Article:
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Economy in Brief

U.S. Gasoline Prices Rise While Crude Oil Jumps
by Tom Moeller  April 26, 2011

Last week, the pump price for regular gasoline rose further to $3.88 per gallon, the highest level since August, 2008. The gain was off a low that same year of $1.61. Typically, pump prices decline this time of year due to lessened seasonal demand. To account for this pattern, Haver Analytics calculates seasonal factors. The adjusted gasoline price rose one penny last week to $3.76 per gallon. Yesterday, the spot market price for a gallon of regular gasoline rose to $3.23 from an average $3.17 last week.

Crude oil prices also rose last week to $109.61 for a barrel of WTI, and remained near the highest since September, 2008. The price compares to the 2008 weekly low of $32.37. Yesterday prices jumped to $112.88 per barrel.

Higher prices continued to affect demand for petroleum products. Gasoline demand fell 1.8% on average during the last four weeks versus last year while demand for jet kerosene was off 4.7%. Conversely, the demand for residual fuel oil, used for heating, rose 2.2% y/y and distillate demand rose 6.2%. Inventories of crude oil and petroleum products fell 1.6% year-to-year compared to 10.0% growth in the middle of 2009.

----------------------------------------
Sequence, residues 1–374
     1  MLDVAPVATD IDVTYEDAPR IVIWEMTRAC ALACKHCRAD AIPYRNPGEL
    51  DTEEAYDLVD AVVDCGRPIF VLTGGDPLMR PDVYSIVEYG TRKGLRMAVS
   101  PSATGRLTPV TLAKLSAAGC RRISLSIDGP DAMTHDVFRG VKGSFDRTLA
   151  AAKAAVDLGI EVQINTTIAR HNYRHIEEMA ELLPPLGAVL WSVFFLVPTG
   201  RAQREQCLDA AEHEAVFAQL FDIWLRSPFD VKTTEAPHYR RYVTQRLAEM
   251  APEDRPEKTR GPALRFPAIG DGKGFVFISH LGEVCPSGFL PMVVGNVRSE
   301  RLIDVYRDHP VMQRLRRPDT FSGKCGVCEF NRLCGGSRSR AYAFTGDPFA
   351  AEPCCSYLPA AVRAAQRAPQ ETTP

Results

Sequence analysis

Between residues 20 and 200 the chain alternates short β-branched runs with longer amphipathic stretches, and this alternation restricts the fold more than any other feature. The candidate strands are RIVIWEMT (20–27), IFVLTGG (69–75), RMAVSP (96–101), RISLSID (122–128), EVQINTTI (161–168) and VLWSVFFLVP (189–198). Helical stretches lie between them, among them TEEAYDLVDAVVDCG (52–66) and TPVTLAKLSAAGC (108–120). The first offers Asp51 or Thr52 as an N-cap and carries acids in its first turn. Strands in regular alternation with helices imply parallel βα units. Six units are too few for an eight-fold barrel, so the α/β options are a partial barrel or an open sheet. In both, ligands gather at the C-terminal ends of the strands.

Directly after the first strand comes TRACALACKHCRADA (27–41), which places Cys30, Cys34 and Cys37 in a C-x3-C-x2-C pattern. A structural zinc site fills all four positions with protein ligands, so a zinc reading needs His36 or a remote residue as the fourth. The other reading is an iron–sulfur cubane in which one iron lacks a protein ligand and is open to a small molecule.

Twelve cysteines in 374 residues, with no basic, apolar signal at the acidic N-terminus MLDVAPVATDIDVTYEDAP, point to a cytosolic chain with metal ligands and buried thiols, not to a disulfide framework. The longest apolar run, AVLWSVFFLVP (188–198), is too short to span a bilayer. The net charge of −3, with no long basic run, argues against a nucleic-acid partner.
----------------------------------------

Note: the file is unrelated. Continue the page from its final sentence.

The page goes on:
Finally, natural gas prices strengthened w/w to $4.27 per mmbtu. Yesterday, prices rose further to $4.36 but remained down from last year's early-January high of $6.50.

The energy price data are reported by the U.S. Department of Energy and can be found in Haver's WEEKLY database. The daily figures are in DAILY and the gasoline demand figures are in OILWKLY.

Expectations of Inflation: The Biasing Effect of Thoughts about Specific Prices from the Federal Reserve Bank of New York can be found here.

Weekly Price 4/25/11 4/18/11 4/11/11 Y/Y% 2010 2009 2008
Retail Regular Gasoline ($ per Gallon, Regular) 3.88 3.84 3.79 36.2 2.78 2.35 3.25
Light Sweet Crude Oil, WTI ($ per bbl.) 109.61 108.21 109.75 32.0 79.51 61.39 100.16
Natural Gas ($/mmbtu) 4.27 4.12 4.16 7.0 4.40 3.95 8.88
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